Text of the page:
Thursday, July 2nd, 2009
Stray dog recuperates from injuries
By Janie Southard
The eyes say it all. This stray greyhound suffered grave wounds over the past co. . .
Maybe the black dog smelled food or heard voices from the house west of Fort Recovery near the state line. Maybe the pain from his open wounds was just too much and he had to stop for while. Maybe he sensed he'd found help.
The people at the house called Mercer County Dog Warden Tom Powell on Tuesday morning and told him about the stray who'd wandered up to their door.
"When I saw the dog my first thought was he'd have to be put to sleep," Powell told the newspaper Wednesday afternoon.
But, despite the stench and obvious severity of the dog's injuries, Powell honored his arrangement with the Animal Protection League of Mercer County and called its president Katie Moorman to tell her about the injured greyhound. She directed him to the Celina Animal Hospital where the doctors would do an assessment and advise her of the options.
"Tom calls us whenever he picks up a stray with an injury or sickness. We just don't want the animal sitting in the dog pound for three days in pain or to be euthanized without a chance ... It happens a lot more than you imagine," Moorman said. "As long as we have the funds, we'll continue to help injured dogs, but we survive on donations."
With the economy as it is, those donations are getting smaller and fewer. People are counting every penny now, she said. But there was no question that the black dog would get the treatment he needed.
"We have helped lost dogs with severe injuries and the owner has come forward and paid for the treatment. Most of the time the dog is not claimed and we put it in foster care until we can find it a permanent home," Moorman said.
Named Grant by the veterinary staff, the black greyhound was sedated and underwent surgery Tuesday afternoon to clean out his many open wounds the most prominent on his back. Veterinarian Leslie Winner told Moorman the dog's injuries are "the worst I've ever seen."
"They took hundreds of maggots out of the big wound on (his shoulders). It looks like he's been on the run for a while. Those maggots didn't get there overnight," said Tim Axe, animal hospital manager. "It's just so sad ... And, think of how hot and dry it's been around here. He must have had a terrible time finding water."
Hospital staff estimate the greyhound is 3 to 5 years old.
What could have happened is anyone's guess. The doctors speculate he could have been burned or bitten in a fight with another animal. They don't believe he was hit by a car.
The dog appears to be a purebred greyhound and, curiously, no one has contacted any local law enforcement agency (including the Jay County, Ind., sheriff's office) looking for him. Speculation again, but those involved with his care think probably he was dumped somewhere out in the country. Powell picked him up inside Mercer County but very near the state line.
The greyhound is doing well at the animal hospital, where it's expected he'll be for a few days. He is eating and submitting without complaint to the frequent cleansing of his wounds, but it will be a long recovery - at least four months.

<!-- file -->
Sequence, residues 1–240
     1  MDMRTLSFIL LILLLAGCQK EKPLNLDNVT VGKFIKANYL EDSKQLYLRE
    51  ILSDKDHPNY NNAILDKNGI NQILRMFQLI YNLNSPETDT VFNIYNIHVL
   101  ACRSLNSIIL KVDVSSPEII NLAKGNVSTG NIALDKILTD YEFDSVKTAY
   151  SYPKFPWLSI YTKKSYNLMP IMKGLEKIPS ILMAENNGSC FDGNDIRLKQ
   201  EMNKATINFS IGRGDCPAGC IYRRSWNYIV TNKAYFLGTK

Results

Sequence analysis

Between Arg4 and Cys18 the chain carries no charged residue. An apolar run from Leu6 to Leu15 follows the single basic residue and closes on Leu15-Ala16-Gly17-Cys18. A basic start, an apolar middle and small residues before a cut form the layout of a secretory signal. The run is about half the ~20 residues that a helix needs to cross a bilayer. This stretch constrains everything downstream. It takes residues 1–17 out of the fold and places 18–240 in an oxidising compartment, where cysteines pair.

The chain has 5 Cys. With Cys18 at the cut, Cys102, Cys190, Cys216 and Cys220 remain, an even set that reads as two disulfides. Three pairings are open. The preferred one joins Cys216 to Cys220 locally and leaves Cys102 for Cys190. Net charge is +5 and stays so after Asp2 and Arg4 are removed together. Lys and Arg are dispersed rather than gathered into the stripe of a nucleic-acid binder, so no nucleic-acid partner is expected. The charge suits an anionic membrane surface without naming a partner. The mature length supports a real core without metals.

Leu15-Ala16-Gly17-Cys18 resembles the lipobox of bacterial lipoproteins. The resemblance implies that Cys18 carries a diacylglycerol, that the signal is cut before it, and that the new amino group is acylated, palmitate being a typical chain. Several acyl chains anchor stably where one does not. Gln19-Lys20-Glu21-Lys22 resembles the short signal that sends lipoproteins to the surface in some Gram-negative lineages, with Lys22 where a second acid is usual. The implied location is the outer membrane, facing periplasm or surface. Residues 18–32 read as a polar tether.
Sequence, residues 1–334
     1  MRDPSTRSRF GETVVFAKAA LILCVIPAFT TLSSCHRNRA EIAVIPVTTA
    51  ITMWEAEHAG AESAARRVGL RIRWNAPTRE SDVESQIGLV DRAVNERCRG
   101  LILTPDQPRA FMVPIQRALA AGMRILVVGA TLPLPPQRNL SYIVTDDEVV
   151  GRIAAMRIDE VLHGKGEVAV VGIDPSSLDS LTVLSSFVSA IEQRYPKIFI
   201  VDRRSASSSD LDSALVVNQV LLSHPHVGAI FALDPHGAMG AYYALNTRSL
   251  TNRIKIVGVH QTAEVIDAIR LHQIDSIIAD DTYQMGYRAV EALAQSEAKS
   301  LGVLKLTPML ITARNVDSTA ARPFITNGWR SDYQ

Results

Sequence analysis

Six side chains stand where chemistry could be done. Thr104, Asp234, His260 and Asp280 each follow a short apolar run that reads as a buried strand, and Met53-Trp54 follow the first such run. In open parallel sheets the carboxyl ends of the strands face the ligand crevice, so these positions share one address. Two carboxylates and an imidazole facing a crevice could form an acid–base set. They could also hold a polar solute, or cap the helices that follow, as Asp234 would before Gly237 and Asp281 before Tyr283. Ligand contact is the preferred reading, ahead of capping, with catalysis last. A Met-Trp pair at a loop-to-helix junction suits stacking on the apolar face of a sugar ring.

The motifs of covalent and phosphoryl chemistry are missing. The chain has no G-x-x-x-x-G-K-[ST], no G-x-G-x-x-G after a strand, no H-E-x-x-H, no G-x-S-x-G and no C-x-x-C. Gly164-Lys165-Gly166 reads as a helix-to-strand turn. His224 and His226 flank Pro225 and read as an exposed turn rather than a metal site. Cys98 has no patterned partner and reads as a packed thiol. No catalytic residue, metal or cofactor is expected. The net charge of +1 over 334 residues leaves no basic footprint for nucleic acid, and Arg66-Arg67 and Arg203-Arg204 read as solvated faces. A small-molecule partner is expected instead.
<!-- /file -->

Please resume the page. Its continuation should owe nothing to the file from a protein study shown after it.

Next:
"He's such a loving dog," Axe said. "I hope Katie finds him a good foster home because he'll need a lot of specials - daily cleaning of his wounds and very clean surroundings to prevent infection."
Moorman already may have found a foster home but nothing is definite at this point. If an animal needs specials, like food, the league will pay for it as is true for continued veterinarian care. Sometimes the foster family wants to take care of the food. Each situation is unique.
"I think people aren't aware that the Animal Protection League totally pays for vet care to injured stray animals," Moorman said. "We spend thousands a year on dog injuries from gun shots, hit on the road and so forth. We want to prevent suffering but sometimes the dog is in too bad a shape and has to be euthanized."
Along with the good news that the greyhound is doing well, Powell found homes for the seven dogs that were scheduled to be put down Wednesday morning.
"It's a good ending to a lot of sad stories," Axe observed.
The black greyhound is actually the third injured dog the Animal Protection League of Mercer County has aided in two months. League President Katie Moorman said one of those dogs was a young, healthy animal who had been hit by a car.
"He had broken bones and that could mean a long life of suffering and he would be euthanized. But he was very healthy so the doctors went ahead with treatment," she said.
Later, after the dog visited Celina East Elementary School, the students put together a donation to help with his vet bill.
The Animal Protection League of Mercer County is made up of volunteers. Their funding comes from fundraisers, adoption fees and donations.
To donate, go to www.aplmercer.com where there is Pay Pal on the home page or send a donation to APL, P.O. Box 663, Celina OH 45822. Donations to cover medical bills also may be sent to Celina Animal Hospital, 7100 Havemann Road, Celina OH 45822.
"If you want to send directly to the vets' office, you can make the donation to Grant's medical bill or to the APL account in general," Moorman said.
- Janie Southard